I’m honoured to be part of this initiative, recording the stories of women from a variety of backgrounds who have embraced the law in one way or another, and who have carved out careers for themselves across a range of sectors and specialisms. As we know, it’s hard to be what you can’t see, whether that reflects sex, race, disability or any other characteristic. I can only imagine how fascinated my student self would have been to read these inspiring women’s stories and to consider all the possibilities.
While I had no particular female legal role models that led me into the law, I do have a mother who left school at 15, who worked multiple jobs to support her children, who took them to a new continent in search of a better life (and came back again), and who returned to education in her 30s, graduating at the age of 38. She taught me to work hard, and encouraged me to believe I could do or be anything. She never sought to limit me, even when my choices took me far away. I wish everyone had a cheerleader like her. I also benefited from many women friends and colleagues who supported and encouraged me along the way.
I’m proud to know that the first female lawyer in the UK, Madge Easton Anderson, was a Glasgow graduate. I regret that I didn’t know and celebrate this sooner, but feel we’re all getting better at acknowledging the contribution of the women who paved our way. This includes not just pioneers like Madge Easton Anderson, but my own mother and grandmothers who may not have been ‘women in law’ but who laid the groundwork for this particular woman in law.
Laura Paton has a background in human rights law with a particular focus on the rights of those involved in the criminal justice system and the rights of children and young people. Until appointed as HM Chief Inspector of Prosecution in Scotland in 2019, she was a Lead Inspector for HM Inspectorate of Constabulary in Scotland where she inspected the state, efficiency and effectiveness of policing from 2013 to 2019. Laura led inspections of a wide range of policing activity including local policing, custody, crime recording, call handling, firearms licensing and railway policing.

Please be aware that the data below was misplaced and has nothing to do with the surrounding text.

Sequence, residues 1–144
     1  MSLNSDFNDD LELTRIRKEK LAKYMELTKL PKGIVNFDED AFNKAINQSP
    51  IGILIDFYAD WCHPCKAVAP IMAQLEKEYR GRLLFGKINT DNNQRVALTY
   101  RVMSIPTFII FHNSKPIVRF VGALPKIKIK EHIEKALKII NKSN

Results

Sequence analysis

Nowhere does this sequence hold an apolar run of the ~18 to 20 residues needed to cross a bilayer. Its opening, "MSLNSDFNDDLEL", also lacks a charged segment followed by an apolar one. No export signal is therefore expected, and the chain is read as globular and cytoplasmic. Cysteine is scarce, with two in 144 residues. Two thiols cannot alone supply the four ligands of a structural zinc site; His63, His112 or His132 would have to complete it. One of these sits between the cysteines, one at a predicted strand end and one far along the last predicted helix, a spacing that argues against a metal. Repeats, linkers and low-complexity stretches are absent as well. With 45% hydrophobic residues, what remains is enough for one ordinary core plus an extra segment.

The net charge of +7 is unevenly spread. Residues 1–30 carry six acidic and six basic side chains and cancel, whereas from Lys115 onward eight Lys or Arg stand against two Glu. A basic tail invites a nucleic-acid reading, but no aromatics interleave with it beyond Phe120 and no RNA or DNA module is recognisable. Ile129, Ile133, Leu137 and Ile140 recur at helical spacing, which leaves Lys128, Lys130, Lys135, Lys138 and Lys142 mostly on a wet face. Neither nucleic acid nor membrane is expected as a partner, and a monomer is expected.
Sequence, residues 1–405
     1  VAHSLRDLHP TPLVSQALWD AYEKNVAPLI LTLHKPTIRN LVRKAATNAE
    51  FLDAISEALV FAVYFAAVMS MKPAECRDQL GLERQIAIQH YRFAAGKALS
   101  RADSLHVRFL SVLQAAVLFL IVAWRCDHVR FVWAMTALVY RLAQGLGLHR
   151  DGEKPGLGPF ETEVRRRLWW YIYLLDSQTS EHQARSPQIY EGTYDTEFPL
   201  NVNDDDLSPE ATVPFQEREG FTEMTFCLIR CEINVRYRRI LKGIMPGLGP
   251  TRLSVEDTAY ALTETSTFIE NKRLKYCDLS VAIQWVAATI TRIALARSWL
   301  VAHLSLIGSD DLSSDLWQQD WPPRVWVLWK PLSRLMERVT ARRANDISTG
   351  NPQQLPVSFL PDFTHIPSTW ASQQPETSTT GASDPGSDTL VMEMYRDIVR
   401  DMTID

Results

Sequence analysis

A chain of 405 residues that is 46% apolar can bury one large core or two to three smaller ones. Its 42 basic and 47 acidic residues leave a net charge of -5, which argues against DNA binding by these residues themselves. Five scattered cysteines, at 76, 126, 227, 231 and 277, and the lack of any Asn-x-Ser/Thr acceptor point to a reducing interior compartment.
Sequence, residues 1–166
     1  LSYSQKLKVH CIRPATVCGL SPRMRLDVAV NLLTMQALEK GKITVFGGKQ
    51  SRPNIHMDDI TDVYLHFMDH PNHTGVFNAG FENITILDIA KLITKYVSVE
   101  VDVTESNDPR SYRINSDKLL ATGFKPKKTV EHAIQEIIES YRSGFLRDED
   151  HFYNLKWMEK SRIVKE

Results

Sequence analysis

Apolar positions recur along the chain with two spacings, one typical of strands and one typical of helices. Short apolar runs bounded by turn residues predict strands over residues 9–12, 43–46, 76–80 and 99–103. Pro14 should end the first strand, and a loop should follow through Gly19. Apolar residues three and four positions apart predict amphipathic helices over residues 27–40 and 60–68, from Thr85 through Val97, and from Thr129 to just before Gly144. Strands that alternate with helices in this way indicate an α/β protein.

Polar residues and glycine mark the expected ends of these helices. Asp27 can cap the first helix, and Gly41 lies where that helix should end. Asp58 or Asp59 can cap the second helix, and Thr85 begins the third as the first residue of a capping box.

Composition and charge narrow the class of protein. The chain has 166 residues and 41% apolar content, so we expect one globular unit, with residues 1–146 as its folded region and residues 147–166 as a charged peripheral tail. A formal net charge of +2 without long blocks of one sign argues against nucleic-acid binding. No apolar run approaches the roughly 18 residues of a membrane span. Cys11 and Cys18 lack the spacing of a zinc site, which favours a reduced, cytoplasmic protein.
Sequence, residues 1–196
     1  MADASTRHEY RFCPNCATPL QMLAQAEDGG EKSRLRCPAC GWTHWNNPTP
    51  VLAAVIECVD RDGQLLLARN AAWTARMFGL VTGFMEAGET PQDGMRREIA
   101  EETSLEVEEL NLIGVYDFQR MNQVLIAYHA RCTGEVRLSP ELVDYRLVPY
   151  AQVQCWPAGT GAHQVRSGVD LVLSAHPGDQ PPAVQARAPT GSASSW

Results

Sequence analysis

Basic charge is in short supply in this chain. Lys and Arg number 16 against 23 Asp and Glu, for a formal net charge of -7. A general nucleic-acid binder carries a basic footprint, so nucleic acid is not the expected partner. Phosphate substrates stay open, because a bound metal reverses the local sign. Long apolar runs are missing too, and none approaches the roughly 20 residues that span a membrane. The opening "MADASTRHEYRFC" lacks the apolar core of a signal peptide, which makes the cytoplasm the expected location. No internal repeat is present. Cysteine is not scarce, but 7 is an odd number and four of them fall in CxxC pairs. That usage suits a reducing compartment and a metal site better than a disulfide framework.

Previously, Laura worked with HM Inspectorate of Prisons (HMIP) in England and Wales providing policy and human rights advice on the independent inspection of prisons and other forms of custody. This included developing a framework for the inspection of military detention facilities in Afghanistan. From 2009 to 2013, Laura was also the first coordinator of the UK's National Preventive Mechanism (NPM), a group of organisations tasked under international law with monitoring all places of detention. Laura regularly advised governments and NPMs around the world on the human rights-based inspection of detention. Prior to joining HMIP, she worked for the Commissioner for Children and Young People in Scotland, where she coordinated the first shadow report submitted by the four UK Children’s Commissioners to the UN Committee on the Rights of the Child, and developed a model for children’s rights impact assessments. Laura also worked in the voluntary sector for Children 1st and the Children’s Legal Centre, where she was editor of a journal of law and policy affecting children and their families.
Laura currently serves as a trustee for Together, the Scottish Alliance for Children’s Rights. She has a First Class Honours Degree in Scots Law from the University of Glasgow and a LLM in Human Rights Law from Glasgow Graduate School of Law.